Ease of reading – is editing by native English speaker needed

Each primary manuscript review (i.e., not revisions) that we receive is subjectively assessed by the associate editor based on the criteria above. A grade of ≥60% would qualify the reviewer for the Gold Star Reviewer award (see next). Reviewers with consistent grades of < 50% are no longer asked to be reviewers.

Reviewer recognition – Gold Star reviewers

Reviewers are a key component to the success of the JCMR. As a recognition of reviewers, at the 2019 SCMR Annual meeting in Beelevue, Washington, USA we recognized our 94 “Gold Star” Reviewers for 2018 (Table 2). Gold Star reviewers are those individuals who reviewed at least 3 JCMR manuscripts in 2018, submitted their review on-time, and submitted a high quality review as defined above. In addition to public recognition at the meeting (Gold Star ribbon, JCMR booth listing, and intermission slide listing), each Gold Star Reviewer was offered a small gift (Fig. 3) as a token of our appreciation. We plan to continue the Gold Star Reviewer recognition at the upcoming 2020 SCMR Annual meeting in Orlando. Please join the ranks of JCMR reviewers and strive to be a Gold Star reviewer! As an added incentive, reviewer continuing medical education (CME) credit started in 2019.

Table 2 2018 JCMR Gold Medal Reviewers
Fig. 3
figure3

In 2018, JCMR Gold Star Reviewers were offered a phone holder pop-up with the JCMR logo

Continuing medical education (CME) and upcoming JCMR Journal Club

In late 2017, we introduced on-line CME credit for the benefit of our clinician readers. This program has been a great success and now includes 17 manuscripts (http://scmr.peachnewmedia.com/store/provider/custompage.php?pageid=20). As mentioned, in 2019, we started offering CME credit as a benefit for our reviewers. New for 2020 is a monthly JCMR Journal Club moderated by Drs. Scott Flamm (clinical radiology), Raymond Kwong (clinical cardiology) and Matthias Stuber (non-clinical). Journal Club will be on the 2nd Wednesday of the month from 10 to 11 am EST, beginning Wednesday, January 8th. Stay tuned for this exciting new JCMR feature. We are investigating CME credit for this offering as well.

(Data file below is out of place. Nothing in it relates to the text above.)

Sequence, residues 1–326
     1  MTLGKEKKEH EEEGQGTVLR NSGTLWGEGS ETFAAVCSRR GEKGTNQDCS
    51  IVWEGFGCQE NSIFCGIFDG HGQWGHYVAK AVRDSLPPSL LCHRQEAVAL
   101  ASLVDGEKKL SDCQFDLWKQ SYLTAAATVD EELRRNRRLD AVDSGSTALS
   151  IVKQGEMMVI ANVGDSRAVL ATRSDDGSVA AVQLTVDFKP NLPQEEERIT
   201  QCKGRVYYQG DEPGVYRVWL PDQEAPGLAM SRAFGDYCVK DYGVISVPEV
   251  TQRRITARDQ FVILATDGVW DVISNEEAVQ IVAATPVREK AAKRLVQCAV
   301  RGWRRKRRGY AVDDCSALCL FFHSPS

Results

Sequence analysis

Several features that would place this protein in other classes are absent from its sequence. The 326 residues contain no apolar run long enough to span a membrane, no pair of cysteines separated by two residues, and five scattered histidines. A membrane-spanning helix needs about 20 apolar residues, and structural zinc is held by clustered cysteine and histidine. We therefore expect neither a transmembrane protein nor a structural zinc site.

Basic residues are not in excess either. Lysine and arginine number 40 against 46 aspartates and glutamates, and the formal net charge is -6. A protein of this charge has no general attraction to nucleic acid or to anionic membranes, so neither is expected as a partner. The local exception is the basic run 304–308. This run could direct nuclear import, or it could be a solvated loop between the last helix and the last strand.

Editorial board

JCMR editorial board members are leaders in the CMR field and are expected to review up to 4 manuscripts/year. In 2019, we added 6 new members to the Editorial Board - Drs. Frederick Epstein (University of Virginia, USA), Paul Finn (University of California at Los Angeles, USA), Peng Hu (University of California at Los Angeles, USA), Saul Myerson (Oxford University, UK), Matthias Stuber (University of Lausanne, Switzerland) and Claudia Prieto Vasquez (United Kingdom-Chile). For the past year, the JCMR Editorial Board has consisted of 45 members with expertise across the spectrum and geography of CMR.

Social media

The JCMR continues to be active on Twitter with the handle “JournalofCMR”. This relationship is coordinated by Drs. Amit Patel and Juan Lopez-Mattei. As of late November 2019, we had 2434 followers (a 34% increase over last year). For comparison, the Journal of the American Society of Echocardiography (JASE) has 842 followers, the Journal of Cardiac Computed Tomography (JCCT) has 1608 followers, the Journal of Nuclear Cardiology has 496 followers, and Circulation CV Imaging has 1185 followers. To date this year, we have had 267,877 impressions (a 28% increase from 2018). I applaud the efforts of our social media editors, Drs. Amit Patel and Juan Lopez-Mattei for their efforts in this arena!

Article processing charge (APC)

The biggest change for JCMR authors in 2018 was the APC. Though SCMR members do not receive favorable treatment with regards to manuscript evaluation in the review process, for the first 10 years of our open access publication, the SCMR covered the entire APC for SCMR members. With the ongoing growth of the JCMR and SCMR, it became apparent that this benefit was creating an increasing SCMR financial burden that benefited a very small minority of the membership. In addition, there is increasing recognition and expectation by granting agencies that original manuscripts will be published in an open access format for which APC charges are a recognized expense. As a result, the JCMR APC policy changed for all manuscripts submitted after June 30, 2018 to include a $500 APC charge for manuscripts submitted by SCMR members. This represents a substantial (80%) discount to the full APC of $2500/manuscript for non-members.